Recently my son unearthed my case of Barbie clothes from the attic and brought them to me. I don’t remember playing with this doll. My memories of early adolescence are og building forts and planning getaway destinations.
My Aunt Emmie provided most of the clothing for this doll with her expert knitting. I’m amazed at her skill now though I don’t remember admiring that skill then. We took it for granted. She had a thing for pink.
All the essentials of a 60s girl were there: swimsuit, cocktail dress, wedding dress and housedress. The clothes gave us a map of expectations. I can see by the rat’s nest of hair that dear Barbie went through some tough times. She ditched the three piece red knit outfit for a mini-skirt and tights. I don’t see any professional clothes or workshop gloves. There is no briefcase, no computer. Yet there are two aprons, one practical with a matching chefs hat and one frilly one to greet her husband upon his return home. I do love to cook.
It’s a box of propaganda that made sense to the executives at Mattel at the time. I’ve heard that Barbie has evolved over time with scuba gear, ski togs and business attire. But she was not evolved while I grew up.. We tried on these women’s uniforms to suit society’s norms. We told these stories to each other through dating games, house play and dress-up. We learned how to walk in heels, put on make-up and wish upon a star. There is probably a version of this narrative out there for girls under 16 to this day.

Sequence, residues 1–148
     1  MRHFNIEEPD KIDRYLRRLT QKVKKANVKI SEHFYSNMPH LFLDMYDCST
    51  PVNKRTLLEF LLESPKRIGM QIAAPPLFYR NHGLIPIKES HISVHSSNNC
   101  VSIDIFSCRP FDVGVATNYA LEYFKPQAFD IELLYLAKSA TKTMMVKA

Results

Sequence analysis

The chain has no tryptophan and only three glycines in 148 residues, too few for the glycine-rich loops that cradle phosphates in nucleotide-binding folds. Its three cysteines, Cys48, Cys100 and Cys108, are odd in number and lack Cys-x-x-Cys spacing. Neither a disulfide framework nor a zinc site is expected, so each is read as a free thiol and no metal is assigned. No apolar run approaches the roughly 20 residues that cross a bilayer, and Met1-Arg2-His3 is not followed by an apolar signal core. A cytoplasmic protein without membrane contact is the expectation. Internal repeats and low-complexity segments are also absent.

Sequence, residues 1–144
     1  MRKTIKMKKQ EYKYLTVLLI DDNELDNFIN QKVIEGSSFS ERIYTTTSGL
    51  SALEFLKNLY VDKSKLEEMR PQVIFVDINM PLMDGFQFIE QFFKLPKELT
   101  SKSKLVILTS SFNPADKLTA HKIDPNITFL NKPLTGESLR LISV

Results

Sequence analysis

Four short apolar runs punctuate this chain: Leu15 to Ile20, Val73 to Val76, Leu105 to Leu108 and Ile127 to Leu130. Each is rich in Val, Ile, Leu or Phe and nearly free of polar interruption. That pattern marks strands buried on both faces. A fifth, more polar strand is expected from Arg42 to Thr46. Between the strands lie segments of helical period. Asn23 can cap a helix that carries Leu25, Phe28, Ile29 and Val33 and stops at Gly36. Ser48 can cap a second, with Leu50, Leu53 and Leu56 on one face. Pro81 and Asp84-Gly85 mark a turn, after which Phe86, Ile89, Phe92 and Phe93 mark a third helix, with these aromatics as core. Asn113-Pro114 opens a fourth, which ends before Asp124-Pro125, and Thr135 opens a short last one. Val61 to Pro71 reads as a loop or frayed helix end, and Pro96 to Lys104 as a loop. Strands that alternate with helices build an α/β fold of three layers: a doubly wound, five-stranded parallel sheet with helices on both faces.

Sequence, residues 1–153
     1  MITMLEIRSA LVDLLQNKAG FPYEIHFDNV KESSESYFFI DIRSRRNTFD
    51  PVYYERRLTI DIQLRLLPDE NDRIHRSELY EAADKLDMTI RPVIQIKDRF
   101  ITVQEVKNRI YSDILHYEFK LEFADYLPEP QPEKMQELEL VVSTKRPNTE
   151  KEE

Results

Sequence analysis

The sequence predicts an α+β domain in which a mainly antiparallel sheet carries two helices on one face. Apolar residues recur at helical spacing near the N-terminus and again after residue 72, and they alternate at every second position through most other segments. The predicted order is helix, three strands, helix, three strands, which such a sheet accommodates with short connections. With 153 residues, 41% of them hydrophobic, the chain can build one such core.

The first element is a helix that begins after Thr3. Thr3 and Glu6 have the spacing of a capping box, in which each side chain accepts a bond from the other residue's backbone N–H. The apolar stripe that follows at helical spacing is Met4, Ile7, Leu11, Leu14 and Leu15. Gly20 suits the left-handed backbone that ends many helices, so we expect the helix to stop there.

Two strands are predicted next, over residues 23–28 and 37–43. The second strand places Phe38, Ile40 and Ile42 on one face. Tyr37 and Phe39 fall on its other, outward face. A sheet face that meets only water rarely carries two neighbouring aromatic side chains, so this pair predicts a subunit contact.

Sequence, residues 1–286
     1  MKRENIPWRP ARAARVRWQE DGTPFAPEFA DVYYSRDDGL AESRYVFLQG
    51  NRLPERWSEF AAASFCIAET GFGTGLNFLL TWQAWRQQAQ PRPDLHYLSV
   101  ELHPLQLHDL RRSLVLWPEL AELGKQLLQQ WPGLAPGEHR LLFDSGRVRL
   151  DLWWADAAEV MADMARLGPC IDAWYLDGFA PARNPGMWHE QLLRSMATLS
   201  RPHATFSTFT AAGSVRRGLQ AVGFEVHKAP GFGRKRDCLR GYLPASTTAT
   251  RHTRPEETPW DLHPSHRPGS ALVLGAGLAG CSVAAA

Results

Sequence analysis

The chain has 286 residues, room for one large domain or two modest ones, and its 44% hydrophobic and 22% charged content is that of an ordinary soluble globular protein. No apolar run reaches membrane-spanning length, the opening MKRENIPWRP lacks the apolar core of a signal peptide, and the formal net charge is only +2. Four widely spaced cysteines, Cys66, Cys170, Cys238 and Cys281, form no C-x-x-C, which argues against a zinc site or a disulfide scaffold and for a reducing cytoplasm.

I’m glad I didn’t follow that pathway. I’m glad that I grew up during a time of questioning authority — a time when women fought for equal rights, a time when civil discourse turned to difficult subjects. The subjects are getting even more difficult now. Our planet, our rights, our nations, our health….all at risk.
So when I look at this little box of expectations I am thinking about how we’re still swimming up stream in a one piece suit, constrained by expectations, overruled by rulers. I think we might need to add some armor to the closet. We’ll need resilience and a fierce belief in each other. We’ll need to put on our big girl pants and stand up, move forward and speak out loud.
Now where did I put that rotary cutter?